We can examine social life at many levels of granularity -- from ordinary individual social behavior to small groups to cities and regions to the global system of communication and extraction. Is there any basis for thinking one level is better than another for the social sciences?
There are two kinds of considerations that might be used as grounds for answering this question. One is about scientific feasibility and the other is about explanatory scope.
The feasibility line goes this way. It might be that higher level social phenomena are substantially less orderly than lower level phenomena. This means that we might be able to arrive at more confident and comprehensible analysis at the lower level than the higher level. Features of indeterminacy, contingency, and complexity might mean that we can't expect to have strong and empirically well supported analyses of ensembles like cities or trading systems. And we might find that studies of individual-level social behavior are more tractable and empirically defensible.
The explanatory scope consideration cuts in the opposite direction. We would like to be able to explain processes like urbanization, ethnic conflict, and the social role of religion. These processes are very interesting, and they are consequential as well. So we would like to have some reliable hypotheses about some of the causal dynamics that animate them. And studies that focus on individual-level processes may not shed much light on these higher-level processes.
So tractability perhaps pushes us towards the lower level, while an appetite for explanatory scope pushes us towards theorizing and investigating higher levels.
There is something appealing about a definition of the social sciences that tries to answer the actor-level kind of question: what are the drivers of real social behavior, in a variety of settings? What are the springs of individual action? How do environment and experience influence people's actions? This approach would fall within the sociological theory of the actor; it would largely overlap with social and developmental psychology, with a scoop of ethnomethodology on the side.
And this approach wouldn't be wholly limited to the individual. Some of the learning we do about cooperation, aggression, and social cognition might well provide a basis for explanation of high-level social phenomena such as ethnic conflict or the spread of agricultural practices.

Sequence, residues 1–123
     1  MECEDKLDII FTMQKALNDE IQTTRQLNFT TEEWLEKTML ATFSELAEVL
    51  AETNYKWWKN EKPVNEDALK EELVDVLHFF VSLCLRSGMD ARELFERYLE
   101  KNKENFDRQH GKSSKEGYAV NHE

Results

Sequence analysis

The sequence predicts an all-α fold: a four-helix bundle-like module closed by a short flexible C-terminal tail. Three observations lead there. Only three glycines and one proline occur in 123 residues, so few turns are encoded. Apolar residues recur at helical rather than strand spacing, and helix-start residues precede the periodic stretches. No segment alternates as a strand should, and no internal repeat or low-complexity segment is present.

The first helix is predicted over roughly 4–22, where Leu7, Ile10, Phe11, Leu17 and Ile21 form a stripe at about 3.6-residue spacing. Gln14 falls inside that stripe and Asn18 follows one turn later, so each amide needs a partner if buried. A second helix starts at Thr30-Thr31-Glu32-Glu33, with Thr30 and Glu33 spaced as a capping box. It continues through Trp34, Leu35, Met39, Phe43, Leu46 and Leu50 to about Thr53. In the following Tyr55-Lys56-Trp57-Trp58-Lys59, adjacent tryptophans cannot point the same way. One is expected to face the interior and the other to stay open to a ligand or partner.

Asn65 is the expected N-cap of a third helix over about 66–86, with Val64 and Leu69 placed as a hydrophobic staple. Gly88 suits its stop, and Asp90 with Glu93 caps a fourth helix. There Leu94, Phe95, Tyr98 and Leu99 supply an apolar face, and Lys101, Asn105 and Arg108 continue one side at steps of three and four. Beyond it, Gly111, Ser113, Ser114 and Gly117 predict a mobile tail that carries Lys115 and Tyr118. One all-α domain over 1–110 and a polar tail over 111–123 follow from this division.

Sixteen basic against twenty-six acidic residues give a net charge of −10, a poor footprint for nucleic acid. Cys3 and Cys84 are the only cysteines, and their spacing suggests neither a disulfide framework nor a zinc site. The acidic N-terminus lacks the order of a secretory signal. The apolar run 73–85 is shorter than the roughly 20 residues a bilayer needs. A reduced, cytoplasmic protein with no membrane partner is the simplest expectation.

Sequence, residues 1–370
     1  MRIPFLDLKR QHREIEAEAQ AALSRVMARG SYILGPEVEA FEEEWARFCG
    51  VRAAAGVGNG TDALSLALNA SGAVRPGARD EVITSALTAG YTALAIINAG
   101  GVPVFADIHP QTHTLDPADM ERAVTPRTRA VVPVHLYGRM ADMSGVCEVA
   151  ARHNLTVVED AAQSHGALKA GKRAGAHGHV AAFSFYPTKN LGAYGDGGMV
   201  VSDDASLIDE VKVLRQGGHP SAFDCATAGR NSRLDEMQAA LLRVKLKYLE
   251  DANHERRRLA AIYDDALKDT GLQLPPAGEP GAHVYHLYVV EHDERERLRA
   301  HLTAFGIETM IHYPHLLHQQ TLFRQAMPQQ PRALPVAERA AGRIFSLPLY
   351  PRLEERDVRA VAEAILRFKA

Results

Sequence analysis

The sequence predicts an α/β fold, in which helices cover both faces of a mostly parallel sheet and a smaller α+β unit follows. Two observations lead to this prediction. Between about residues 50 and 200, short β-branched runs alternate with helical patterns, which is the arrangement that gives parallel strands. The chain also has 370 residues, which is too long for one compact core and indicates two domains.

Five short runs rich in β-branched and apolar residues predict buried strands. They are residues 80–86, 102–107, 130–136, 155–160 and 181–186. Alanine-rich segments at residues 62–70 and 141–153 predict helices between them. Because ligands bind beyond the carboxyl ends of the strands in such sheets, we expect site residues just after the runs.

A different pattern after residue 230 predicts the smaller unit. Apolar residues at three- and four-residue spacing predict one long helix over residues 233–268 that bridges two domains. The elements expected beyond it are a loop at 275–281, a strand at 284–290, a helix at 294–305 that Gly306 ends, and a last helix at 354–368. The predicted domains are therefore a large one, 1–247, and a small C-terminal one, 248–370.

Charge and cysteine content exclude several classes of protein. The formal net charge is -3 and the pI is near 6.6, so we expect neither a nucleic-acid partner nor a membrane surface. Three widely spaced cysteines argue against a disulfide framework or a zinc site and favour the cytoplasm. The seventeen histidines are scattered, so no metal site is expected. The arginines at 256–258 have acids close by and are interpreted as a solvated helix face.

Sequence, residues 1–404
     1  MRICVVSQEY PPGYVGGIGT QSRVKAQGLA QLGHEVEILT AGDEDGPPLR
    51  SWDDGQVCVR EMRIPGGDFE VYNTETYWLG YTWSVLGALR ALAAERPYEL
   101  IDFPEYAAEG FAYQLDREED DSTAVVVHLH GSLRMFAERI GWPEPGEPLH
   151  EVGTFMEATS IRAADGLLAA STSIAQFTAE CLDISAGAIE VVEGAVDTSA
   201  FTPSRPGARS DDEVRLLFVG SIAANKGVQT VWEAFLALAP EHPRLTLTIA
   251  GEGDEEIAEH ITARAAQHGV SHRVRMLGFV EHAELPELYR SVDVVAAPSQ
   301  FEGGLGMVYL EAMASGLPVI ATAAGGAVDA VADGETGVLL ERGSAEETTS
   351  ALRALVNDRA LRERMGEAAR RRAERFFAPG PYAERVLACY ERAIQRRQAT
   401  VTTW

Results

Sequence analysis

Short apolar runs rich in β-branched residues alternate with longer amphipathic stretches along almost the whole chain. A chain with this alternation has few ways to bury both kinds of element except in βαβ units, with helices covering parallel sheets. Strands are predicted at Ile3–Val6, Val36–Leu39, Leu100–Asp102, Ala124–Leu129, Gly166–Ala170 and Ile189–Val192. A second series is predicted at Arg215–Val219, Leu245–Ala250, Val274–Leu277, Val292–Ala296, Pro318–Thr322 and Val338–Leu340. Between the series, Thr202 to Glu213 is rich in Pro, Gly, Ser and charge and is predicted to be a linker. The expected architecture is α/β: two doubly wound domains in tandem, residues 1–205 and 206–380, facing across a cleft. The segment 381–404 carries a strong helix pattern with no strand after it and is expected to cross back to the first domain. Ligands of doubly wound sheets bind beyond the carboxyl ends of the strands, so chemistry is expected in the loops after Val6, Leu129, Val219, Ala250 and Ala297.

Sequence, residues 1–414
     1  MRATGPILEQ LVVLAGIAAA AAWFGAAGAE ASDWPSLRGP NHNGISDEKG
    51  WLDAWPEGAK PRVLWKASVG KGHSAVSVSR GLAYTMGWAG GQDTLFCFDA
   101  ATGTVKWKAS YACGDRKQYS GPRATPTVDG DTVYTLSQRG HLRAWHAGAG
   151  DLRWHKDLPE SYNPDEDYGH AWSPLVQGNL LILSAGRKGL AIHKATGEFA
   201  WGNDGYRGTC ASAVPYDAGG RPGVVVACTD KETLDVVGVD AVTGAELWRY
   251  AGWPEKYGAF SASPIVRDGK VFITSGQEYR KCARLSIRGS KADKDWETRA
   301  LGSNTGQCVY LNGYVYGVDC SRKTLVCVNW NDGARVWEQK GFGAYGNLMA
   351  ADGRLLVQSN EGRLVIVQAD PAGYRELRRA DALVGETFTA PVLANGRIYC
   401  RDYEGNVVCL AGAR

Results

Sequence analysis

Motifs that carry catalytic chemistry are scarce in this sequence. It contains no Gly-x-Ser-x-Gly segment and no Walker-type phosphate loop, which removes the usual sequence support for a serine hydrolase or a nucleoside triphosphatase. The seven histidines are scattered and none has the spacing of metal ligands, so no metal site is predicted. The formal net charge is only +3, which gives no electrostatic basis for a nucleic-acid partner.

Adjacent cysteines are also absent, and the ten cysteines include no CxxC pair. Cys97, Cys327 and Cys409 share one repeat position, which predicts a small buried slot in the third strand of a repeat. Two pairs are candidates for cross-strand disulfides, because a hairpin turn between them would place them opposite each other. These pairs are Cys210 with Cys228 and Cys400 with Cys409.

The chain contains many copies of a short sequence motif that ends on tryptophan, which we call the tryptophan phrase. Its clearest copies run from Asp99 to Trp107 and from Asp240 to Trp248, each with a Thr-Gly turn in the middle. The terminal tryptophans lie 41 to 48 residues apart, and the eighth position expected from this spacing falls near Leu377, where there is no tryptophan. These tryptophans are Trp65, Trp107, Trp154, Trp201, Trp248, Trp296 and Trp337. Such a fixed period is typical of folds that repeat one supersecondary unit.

But it also seems credible that we can learn some important things about the higher-level processes and structures as well. Political scientists have some robust ideas about how institutions work. Economists have succeeded in identifying some of the dynamics of trading systems and technology change. Urban sociologists are able to discern some of the processes of neighborhood transformation. So it is clear that there are higher level social processes, structures, and systems that are amenable to empirical and theoretical study.
A nice conjunction of research projects that illustrate this point can be found in the study of modern cities. Al Young (The Minds of Marginalized Black Men: Making Sense of Mobility, Opportunity, and Future Life Chances) and Loic Wacquant (Urban Outcasts: A Comparative Sociology of Advanced Marginality) provide ground-level studies of the actors who make up the inner city. Robert Sampson's Great American City: Chicago and the Enduring Neighborhood Effect offers a meso-level account of how neighborhoods work, and some of the causal relations that can be discerned at the level of the neighborhood. Thomas Hughes' Networks of Power: Electrification in Western Society, 1880-1930 demonstrates how a major technology like electric power is both structured and structuring within the urban systems in which it is introduced. And Saskia Sassen's The Global City: New York, London, Tokyo provides an account of systematic interrelations among cities in a global network. Each of these studies sheds light on how cities work; they do so at different levels of granularity; and each study brings with it an admirable degree of empirical and theoretical rigor. Each of them tells us something novel and non-trivial about how cities function. (There are prior postings on each of these authors: Young, Wacquant, Hughes, Sassen.)
This suggests something pretty moderate and pluralistic: that there is valid and important social research to be done at many levels of social organization. We won't find a unifying science of everything. But we can do social science research at many levels in ways that respect the heterogeneity of the social world while also shedding light on the workings of some important social and causal processes. There is no privileged level of research to which we should limit our social-science gaze.